Budget Policies, Proactive Actions Keep County In Good Shape

It is no accident that Placer County is in better budget shape than many counties and cities across California.

Our county has remained in good shape despite the economic slowdown and state budget crisis for several reasons, including:

1. Long-standing policies adopted by the Board of Supervisors aimed at protecting the county’s fiscal stability,

2. Proactive steps taken by the board when budget challenges first appeared on the horizon, and

3. Cooperative efforts by board members, the county management team and rank-and-file employees to find innovative cost-cutting solutions.

In this column, I want to discuss the county’s approach to budgeting and what it means to the public. It has allowed us to preserve core services to the public while avoiding the large-scale layoffs experienced by many counties and cities in California.

Since 2007, Placer County has laid off 19 employees due to reduced workloads or insufficient state funding, including a small number for the fiscal year that began July 1.

Budget and debt-management policies adopted by the board in 2003 have provided a sound framework for helping Placer County weather its budget challenges while continuing to make progress on long-term capital projects. The policies emphasize the importance of doing long-range budget planning, saving money during good times, spending one-time revenue on one-time costs and keeping the county’s debt load low by using a pay-as-you-go approach on major projects whenever possible.

Proactive steps approved by the board include a hiring freeze established in December 2007. Today, the county has approximately 340 fewer filled positions than it had three years ago.

Placer County introduced mandatory furlough days beginning in 2008, but has now transitioned to alternatives that provide savings year after year. The county, for example, has asked employees to pay larger shares of their pension and health insurance costs.

Placer County also introduced a two-tier retirement system that will scale back benefits for new employees, but help ensure that benefit costs are sustainable in the future.

One of the innovative efforts is the creation of a county Cost Savings Task Force. Its mission was to review more than 300 cost-savings ideas proposed by management and confidential employees during informal budget briefings organized by County Executive Officer Thomas M. Miller. More than 80 employees volunteered to serve on the task force, frequently working lunch hours to contribute their expertise and ideas.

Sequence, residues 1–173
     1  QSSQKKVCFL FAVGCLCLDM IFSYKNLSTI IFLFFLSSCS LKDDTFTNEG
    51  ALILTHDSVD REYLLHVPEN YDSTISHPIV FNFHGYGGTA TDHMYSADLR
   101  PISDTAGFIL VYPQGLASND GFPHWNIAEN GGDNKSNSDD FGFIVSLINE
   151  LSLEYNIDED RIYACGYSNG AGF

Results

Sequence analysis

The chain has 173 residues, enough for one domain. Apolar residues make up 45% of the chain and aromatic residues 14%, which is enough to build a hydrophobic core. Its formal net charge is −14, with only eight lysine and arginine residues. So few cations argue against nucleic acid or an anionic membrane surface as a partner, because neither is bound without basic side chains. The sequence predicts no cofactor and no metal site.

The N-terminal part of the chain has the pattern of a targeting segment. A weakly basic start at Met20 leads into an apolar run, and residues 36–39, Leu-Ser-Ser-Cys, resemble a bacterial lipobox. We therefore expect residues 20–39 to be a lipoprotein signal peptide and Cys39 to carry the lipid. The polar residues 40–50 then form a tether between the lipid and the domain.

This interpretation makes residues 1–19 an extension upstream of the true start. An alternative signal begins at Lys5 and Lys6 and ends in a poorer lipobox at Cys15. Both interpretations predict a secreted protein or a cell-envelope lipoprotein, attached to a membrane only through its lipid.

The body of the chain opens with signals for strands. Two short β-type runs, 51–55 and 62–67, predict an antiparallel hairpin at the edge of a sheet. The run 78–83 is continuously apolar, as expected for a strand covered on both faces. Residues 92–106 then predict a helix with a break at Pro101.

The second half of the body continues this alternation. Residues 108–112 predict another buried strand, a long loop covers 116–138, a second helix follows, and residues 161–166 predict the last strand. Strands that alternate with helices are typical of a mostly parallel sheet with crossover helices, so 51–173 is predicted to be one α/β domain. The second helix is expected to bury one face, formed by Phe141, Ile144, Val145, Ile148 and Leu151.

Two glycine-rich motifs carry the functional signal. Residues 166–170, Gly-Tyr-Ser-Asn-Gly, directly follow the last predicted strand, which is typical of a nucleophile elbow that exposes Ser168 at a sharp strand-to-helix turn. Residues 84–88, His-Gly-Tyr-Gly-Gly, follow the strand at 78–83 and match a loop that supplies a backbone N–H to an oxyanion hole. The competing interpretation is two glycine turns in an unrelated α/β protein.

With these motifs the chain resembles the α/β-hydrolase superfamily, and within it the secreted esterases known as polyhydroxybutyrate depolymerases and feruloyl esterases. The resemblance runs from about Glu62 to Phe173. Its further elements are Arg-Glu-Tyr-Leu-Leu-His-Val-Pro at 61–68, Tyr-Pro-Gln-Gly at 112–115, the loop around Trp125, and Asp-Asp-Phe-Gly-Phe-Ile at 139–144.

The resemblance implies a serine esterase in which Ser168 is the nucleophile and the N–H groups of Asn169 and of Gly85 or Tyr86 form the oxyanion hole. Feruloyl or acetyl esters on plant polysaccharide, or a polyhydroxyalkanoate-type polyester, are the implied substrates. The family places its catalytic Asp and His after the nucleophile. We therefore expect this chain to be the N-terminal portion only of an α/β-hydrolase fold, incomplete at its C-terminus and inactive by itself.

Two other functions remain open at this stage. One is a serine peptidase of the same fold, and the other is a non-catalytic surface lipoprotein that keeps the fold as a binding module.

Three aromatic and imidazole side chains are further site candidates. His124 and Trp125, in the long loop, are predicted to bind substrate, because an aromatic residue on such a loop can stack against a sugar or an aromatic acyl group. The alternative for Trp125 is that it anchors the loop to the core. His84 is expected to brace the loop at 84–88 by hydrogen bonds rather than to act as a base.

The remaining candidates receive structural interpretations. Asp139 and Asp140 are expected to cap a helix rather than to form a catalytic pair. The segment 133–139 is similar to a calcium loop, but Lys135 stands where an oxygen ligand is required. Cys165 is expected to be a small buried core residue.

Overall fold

Task force recommendations approved so far are expected to save the county approximately $1.1 million per year. That total does not include savings achieved through furlough days and increased cost sharing for employee benefits, even though those changes were among the cost-saving ideas reviewed by the task force.

The county also is evaluating alternative service-delivery approaches that promise to reduce costs while ensuring the public continues to receive high-quality services.

The Administrative Services Department, for example, is working with other departments to expand the county’s online services while taking advantage of technologies such as cloud computing, a model that allows resources to be retrieved from the Internet through web-based tools and applications, rather than direct connections to servers. Its benefits include reduced hardware costs, better security and more flexibility.

Another example is efforts by the Facility Services Department to contract out some services in response to staff attrition and the addition of new facilities. The board recently approved contracts with Pride Industries for custodial services at county facilities throughout western Placer County. Facility Services also is looking to contract out maintenance of median and street-side landscaping along Douglas Boulevard in Granite Bay.

In some cases, departments are working together to reassign employees with reduced workloads to departments where their expertise is needed. For instance, several engineers and surveyors from the county Community Development Resource Agency have been assigned to work on projects for departments such as Facility Services and Public Works. The practice is cost-effective, and leverages years of relevant, often project-specific expertise.

The combination of long-established budget policies, quick responses to challenges as they appear and a willingness to consider new approaches has allowed Placer County to maintain core public services and preserve its fiscal stability. More challenges remain, but we have a solid plan in place that will allow us to deal with them effectively.